Manure and Nutrient Management plans balance nutrient application with crop removal of nutrients in order to prevent excess nutrients from seeping into groundwater or running of into local waterways. Nutrients in runoff from farming operations are considered nonpoint source pollution and affect local streams, the Susquehanna River and the Chesapeake Bay.
All animal operations in Pennsylvania that generate or land apply manure, regardless of scale, are required to have one of two types of plans:
These plans document nutrient sources, whether through generation, storage, treatment, transfer, or land application, and aim to keep them separate from clean water resources to protect local and regional water quality. The type of plan needed is dependent upon the animal numbers or density of animals on the operation. The following resources can help you determine what type and level of planning is required:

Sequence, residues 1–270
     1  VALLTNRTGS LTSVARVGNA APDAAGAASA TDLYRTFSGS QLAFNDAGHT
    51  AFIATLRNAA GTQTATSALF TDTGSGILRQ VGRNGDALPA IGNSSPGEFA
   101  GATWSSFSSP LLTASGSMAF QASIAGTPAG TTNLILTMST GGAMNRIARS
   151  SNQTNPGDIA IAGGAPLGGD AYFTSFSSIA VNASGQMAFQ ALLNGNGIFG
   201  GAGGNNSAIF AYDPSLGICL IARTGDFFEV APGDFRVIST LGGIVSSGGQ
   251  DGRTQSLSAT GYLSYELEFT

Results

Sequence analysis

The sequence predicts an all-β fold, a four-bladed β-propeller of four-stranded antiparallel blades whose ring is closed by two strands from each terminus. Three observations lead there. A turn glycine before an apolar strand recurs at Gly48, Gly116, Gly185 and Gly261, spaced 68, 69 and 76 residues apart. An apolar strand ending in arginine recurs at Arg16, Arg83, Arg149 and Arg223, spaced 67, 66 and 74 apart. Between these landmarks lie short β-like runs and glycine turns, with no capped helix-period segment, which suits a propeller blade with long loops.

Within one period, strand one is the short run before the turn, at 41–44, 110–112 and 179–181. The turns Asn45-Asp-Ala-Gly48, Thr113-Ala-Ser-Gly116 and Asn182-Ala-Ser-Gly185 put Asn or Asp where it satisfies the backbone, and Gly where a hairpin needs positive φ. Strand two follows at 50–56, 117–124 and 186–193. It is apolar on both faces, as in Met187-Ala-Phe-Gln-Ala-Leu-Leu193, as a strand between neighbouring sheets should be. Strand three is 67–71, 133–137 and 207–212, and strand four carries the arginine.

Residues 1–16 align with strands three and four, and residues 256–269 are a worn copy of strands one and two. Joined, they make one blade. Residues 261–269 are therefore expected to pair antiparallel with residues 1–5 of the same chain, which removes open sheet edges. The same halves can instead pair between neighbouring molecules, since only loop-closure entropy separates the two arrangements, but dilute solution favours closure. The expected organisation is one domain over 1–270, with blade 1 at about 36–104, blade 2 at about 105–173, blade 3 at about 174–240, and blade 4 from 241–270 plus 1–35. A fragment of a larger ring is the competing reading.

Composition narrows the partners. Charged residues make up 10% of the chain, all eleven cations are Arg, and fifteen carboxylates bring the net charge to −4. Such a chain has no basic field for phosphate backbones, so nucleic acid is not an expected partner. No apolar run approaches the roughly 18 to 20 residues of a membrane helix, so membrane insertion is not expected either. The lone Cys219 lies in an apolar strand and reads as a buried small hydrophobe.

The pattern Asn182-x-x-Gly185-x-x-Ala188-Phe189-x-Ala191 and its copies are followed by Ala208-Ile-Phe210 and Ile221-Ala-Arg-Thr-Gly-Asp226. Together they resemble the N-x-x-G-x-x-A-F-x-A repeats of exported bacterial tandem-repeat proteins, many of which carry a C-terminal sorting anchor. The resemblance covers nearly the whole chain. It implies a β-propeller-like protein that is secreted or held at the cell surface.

If your operation involves a large quantity of animals, it could be a CAFO. Follow this link “Is My Operation a CAFO” to see if it meets the requirements.
Is your farm a CAO? Complete Agronomy Fact Sheet 54 to find out.
Which plan is right for your operation?
Manure spreader calibration is an essential part of every manure/nutrient management plan which involves land application. Agronomy Facts 68 Manure Spreader Calibration gives descriptions of the two most common methods of calibrating spreader for all types of manure.